alexa Sexual behaviour and contraceptive use among secondary school students in Ilesha south west Nigeria.


Pediatrics & Therapeutics

Author(s): Orji EO, Esimai OA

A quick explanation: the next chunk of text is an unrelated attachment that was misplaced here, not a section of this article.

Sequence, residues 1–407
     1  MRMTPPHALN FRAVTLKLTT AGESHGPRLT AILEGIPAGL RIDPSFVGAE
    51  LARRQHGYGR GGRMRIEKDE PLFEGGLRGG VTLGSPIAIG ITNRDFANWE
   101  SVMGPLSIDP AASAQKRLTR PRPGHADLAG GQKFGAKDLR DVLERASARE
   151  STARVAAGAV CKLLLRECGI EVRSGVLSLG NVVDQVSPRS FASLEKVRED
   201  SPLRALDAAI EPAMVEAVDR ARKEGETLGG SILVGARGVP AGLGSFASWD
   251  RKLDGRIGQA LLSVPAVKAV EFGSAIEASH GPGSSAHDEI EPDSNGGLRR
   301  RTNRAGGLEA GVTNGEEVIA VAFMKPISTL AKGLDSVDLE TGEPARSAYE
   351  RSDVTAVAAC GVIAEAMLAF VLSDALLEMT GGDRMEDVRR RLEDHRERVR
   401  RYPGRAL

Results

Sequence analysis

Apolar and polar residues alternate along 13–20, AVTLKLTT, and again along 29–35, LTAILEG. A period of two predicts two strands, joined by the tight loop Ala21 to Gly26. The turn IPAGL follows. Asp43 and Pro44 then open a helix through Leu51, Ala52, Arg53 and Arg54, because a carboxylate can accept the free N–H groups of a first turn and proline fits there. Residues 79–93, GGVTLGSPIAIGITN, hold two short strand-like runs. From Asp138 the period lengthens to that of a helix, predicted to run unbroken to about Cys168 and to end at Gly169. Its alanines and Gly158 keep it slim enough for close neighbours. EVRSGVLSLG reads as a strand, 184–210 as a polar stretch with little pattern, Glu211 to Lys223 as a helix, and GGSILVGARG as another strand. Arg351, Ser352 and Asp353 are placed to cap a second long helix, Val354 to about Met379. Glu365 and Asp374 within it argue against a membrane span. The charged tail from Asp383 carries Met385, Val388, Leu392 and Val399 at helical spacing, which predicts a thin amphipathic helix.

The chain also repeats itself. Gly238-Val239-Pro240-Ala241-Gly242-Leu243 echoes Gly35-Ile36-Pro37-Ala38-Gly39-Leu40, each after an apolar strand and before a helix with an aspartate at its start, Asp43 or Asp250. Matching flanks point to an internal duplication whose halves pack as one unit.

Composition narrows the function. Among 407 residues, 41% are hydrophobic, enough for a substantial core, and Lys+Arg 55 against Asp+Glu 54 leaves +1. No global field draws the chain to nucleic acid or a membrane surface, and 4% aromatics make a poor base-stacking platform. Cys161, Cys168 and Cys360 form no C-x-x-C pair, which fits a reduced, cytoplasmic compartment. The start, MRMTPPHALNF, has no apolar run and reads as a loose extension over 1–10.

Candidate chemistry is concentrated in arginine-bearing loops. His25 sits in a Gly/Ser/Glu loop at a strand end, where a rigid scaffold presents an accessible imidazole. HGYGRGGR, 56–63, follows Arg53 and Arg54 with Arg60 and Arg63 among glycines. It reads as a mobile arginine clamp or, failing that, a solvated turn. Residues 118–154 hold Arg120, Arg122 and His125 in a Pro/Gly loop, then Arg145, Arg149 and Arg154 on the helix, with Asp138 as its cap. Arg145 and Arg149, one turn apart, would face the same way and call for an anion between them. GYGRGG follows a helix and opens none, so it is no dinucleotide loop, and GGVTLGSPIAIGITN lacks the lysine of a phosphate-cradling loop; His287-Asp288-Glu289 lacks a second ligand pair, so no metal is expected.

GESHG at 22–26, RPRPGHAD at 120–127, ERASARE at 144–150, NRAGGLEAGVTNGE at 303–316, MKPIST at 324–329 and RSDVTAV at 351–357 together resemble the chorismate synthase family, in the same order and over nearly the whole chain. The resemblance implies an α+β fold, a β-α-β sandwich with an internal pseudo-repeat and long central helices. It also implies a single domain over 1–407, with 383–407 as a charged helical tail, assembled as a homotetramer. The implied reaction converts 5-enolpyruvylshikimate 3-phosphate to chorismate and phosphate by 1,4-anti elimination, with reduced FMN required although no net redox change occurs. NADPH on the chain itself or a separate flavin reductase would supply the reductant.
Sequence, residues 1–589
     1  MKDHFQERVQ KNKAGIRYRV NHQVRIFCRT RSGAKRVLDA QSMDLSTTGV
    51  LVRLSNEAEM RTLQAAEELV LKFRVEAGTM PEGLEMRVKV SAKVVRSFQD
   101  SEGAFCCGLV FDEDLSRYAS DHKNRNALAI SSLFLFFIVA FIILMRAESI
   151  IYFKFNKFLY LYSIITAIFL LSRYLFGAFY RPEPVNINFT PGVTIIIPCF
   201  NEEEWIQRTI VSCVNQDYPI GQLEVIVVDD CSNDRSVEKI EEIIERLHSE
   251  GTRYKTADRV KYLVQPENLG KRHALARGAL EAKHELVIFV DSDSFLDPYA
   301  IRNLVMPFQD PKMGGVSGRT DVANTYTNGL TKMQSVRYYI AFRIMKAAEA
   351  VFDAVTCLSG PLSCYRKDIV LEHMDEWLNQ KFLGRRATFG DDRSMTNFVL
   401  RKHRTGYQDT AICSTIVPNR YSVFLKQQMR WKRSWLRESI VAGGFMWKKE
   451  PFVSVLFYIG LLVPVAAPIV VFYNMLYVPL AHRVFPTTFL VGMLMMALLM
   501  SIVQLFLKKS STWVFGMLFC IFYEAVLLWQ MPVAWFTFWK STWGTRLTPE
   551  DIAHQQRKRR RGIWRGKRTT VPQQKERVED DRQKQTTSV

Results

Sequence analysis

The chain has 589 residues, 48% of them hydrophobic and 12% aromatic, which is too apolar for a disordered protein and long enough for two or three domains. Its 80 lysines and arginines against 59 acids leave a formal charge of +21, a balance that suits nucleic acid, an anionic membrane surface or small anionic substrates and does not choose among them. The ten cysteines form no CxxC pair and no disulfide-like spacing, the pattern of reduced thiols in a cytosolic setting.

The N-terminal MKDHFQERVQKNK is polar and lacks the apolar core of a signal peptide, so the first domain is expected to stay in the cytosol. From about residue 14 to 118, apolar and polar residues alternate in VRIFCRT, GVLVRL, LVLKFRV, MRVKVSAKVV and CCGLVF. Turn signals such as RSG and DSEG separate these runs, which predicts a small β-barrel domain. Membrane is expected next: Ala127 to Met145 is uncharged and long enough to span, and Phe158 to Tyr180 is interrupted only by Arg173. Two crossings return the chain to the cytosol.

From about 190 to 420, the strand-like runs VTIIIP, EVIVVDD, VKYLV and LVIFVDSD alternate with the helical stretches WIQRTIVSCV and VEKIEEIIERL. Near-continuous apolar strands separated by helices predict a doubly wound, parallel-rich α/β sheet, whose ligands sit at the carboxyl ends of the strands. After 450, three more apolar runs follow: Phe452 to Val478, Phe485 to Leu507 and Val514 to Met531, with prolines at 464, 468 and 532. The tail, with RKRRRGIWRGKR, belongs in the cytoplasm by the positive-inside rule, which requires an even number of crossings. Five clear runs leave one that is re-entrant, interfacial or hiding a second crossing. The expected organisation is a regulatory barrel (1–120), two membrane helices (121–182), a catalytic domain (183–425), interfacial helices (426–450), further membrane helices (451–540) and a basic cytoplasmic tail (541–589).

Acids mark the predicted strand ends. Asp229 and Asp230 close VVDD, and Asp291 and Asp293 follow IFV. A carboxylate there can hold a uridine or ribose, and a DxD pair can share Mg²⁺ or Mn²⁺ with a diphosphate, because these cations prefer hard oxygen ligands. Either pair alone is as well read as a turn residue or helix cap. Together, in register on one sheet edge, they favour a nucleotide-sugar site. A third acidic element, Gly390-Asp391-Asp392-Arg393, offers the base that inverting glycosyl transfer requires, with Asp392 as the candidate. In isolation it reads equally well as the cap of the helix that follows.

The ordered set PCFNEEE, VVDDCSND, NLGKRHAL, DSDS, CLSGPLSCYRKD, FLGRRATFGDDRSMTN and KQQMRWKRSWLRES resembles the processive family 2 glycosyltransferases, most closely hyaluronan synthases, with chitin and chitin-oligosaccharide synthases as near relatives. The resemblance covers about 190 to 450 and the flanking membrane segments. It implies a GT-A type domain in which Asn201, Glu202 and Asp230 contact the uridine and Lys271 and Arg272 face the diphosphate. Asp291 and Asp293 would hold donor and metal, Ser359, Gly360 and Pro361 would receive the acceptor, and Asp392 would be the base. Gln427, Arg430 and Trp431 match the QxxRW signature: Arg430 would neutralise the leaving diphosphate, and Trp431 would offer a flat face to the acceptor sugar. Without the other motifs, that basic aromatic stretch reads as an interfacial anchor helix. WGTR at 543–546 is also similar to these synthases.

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Abstract Data from several parts of Nigeria point to increasing sexual activity among single adolescents of both sexes with progressive decreasing age at initiation and poor contraceptive use. This paper investigates the sexual behaviour and contraceptive use among teenage secondary school students in Ilesha, southwest Nigeria. This is a cross-sectional population survey of 300 male and female secondary school students within the age group of 13-19 years. The setting is secondary school coaching classes in Ilesha, southwest Nigeria. The outcome measures include prevalence of sexual activity, age at first sexual debut, circumstances leading to first sexual debut, number of sexual partners and family planning use. The result shows that out of the 300 studied, 50\% were sexually active, the predominant age at first coitus was 15-19 years, and circumstances leading to sexual debut included mutual agreement, coercion and curiosity. Predominant proportion of sexually active teenagers (86.7\%) did not use contraception at the time of first coitus and most of them had more than one sexual partner. The conclusion from this study is that 50\% of teenage secondary school girls in this part of Nigeria are sexually active; 68.7\% whom, have multiple sexual partners, and 86.7\% of them did not use contraception at sexual debut. This unsafe sexual behaviour therefore put them at a great risk of acquiring STDs including HIV infection, and unwanted pregnancy. This study therefore recommends sex education/family life education for young people to encourage them to delay sexual activity as much as possible and practice safe sex when it eventually commences. There is also the need to sensitise the young people, parents, teachers, the community and all stake holders on the magnitude of the problem and to open up dialogue that will break the social, cultural and other mysteries hindering adolescents and youth reproductive health education and services in Nigeria. This article was published in J Obstet Gynaecol and referenced in Pediatrics & Therapeutics

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